All fixed, and back on the dyno.
 

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seasalt
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Re: Retro-fitting Air-con 2018/09/12 22:13:04 (permalink)
0
Just can't help myself. 160A alternator on the way.
seasalt
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Re: Retro-fitting Air-con 2019/07/22 22:18:36 (permalink)
+1 (1)
How much can you spend while not counting:
 
2005 Corolla Sportivo 2zz with C64 box. (94,000 klm): $1500
MWR Reverse Blockout $138
MWR .725:1 Sixth gear set $308
MWR Shifter shaft for Corolla trans $182
Carbon-Lined Synchro Set - Elise Exige 2-eleven Celica Corolla Matrix C6X 6-speed $437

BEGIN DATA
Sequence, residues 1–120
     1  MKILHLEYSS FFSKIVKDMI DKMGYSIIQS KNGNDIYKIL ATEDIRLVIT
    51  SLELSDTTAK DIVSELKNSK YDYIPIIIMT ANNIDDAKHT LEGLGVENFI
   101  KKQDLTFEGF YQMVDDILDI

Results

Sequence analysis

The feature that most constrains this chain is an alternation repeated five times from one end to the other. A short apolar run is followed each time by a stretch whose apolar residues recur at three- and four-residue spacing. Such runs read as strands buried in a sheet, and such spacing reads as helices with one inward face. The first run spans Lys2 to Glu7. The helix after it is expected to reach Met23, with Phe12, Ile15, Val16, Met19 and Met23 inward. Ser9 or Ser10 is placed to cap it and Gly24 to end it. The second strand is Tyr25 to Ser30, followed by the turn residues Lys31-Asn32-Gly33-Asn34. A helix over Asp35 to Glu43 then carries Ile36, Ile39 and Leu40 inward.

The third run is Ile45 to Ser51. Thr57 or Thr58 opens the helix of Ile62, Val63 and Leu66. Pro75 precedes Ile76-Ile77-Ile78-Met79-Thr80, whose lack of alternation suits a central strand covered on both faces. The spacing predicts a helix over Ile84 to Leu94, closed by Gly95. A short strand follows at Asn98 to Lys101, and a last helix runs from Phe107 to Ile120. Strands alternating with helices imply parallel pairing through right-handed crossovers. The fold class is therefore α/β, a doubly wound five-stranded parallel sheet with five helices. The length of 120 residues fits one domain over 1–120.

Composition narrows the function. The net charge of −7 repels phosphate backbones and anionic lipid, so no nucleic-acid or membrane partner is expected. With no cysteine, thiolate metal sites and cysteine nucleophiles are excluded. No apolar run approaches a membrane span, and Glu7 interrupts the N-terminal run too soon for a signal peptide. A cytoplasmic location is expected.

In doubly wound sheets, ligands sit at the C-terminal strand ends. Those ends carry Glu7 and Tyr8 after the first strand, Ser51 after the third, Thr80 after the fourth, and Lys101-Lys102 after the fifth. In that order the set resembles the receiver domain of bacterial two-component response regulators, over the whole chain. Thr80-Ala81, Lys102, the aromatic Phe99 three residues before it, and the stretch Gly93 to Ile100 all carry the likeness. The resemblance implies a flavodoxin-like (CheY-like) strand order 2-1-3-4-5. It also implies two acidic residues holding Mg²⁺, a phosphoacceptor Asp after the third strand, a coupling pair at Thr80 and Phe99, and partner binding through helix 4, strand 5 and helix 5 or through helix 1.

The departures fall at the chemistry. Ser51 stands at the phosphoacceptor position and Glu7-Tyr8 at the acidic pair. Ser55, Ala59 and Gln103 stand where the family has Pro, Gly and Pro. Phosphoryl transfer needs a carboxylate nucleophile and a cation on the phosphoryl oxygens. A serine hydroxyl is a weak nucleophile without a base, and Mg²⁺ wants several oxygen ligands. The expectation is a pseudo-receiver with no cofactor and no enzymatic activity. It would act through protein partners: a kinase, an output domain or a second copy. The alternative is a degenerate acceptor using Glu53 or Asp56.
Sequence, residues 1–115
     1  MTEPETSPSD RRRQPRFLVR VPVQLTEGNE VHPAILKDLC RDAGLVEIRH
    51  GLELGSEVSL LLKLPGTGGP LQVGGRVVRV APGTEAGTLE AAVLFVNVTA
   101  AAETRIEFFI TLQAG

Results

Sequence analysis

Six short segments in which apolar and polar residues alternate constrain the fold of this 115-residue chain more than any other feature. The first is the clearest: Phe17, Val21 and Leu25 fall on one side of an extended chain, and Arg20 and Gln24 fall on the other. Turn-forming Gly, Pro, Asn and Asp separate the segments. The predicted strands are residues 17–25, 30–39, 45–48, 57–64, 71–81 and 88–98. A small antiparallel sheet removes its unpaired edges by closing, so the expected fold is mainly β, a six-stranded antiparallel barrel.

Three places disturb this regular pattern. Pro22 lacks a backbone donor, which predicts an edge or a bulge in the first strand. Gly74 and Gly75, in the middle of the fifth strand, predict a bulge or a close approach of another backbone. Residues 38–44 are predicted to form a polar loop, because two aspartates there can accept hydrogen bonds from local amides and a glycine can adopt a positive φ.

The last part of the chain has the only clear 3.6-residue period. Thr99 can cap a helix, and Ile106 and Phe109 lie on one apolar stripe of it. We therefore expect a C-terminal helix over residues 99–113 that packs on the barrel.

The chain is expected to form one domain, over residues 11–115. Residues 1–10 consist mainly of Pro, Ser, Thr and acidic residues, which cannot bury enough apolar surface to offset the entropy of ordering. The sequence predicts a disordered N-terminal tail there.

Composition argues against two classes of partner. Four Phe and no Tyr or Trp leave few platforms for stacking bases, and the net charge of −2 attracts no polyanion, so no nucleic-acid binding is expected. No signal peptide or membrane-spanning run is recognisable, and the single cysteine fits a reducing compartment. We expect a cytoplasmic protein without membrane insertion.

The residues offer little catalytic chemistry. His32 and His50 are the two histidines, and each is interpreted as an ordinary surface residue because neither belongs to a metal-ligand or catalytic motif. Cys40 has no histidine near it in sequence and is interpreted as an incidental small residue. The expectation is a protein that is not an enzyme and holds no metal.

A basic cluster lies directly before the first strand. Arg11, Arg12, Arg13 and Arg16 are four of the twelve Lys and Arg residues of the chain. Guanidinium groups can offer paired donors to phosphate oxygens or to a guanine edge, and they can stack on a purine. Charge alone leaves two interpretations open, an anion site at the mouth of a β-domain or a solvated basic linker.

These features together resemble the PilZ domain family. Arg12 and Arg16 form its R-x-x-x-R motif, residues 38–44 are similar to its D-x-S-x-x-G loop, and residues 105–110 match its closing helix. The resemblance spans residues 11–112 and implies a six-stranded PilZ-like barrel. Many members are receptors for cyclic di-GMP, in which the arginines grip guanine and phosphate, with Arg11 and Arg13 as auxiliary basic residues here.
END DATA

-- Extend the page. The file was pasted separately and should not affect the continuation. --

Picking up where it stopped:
Box split, .725:1 top gear, 4.312 diff and LSD installed. MWR selector shaft installed. Threaded holes for shifter bracket added. MKB Automotive, Lismore: $1200
Manual gearbox linkages, clutch system and pedal installed.
All necessary parts: $1500
Solid bush shifter kits $65
MWR RH Engine mount $60
Serpentine belt $40
Lift bolts (Toyota says "Flange bolts") $10
Initially, JDM 2001 Celica ECU installed. $100
Corolla Sportivo headers modified to clear crossmember. $120
First Exhaust by Franks Mufflers, Lismore. $950
1ZZ sump with baffle installed. Spacer extends oil pickup deeper into sump.
HKS SLD (Speed Limit Defencer) 2000-2005 TOYOTA CELICA ALL (Rendered un-necessary by Power FC.)
Toyota MR2 Spyder MR-S 2000-2005 Front Bumper Midship Runabout Blue JDM Emblem
Toyota MR2 MR-S Roadster Spyder ZZW30 Blue Wheel Center Cap set Genuine OEMParts
Speed Hut 10K tachometer: $240
Convertible Top, Blue Stayfast, Glass Window - $875
Fitting - $350
Apexi PowerFC - $AU1642.00 Customs adds $326.34, hence $1968.34
RDA brakes - Slotted & Dimpled Replacement Rotors, FRONT- $220.00 Pair - REAR- $220. Pair - shipping direct $20.00 Inc Gst – $460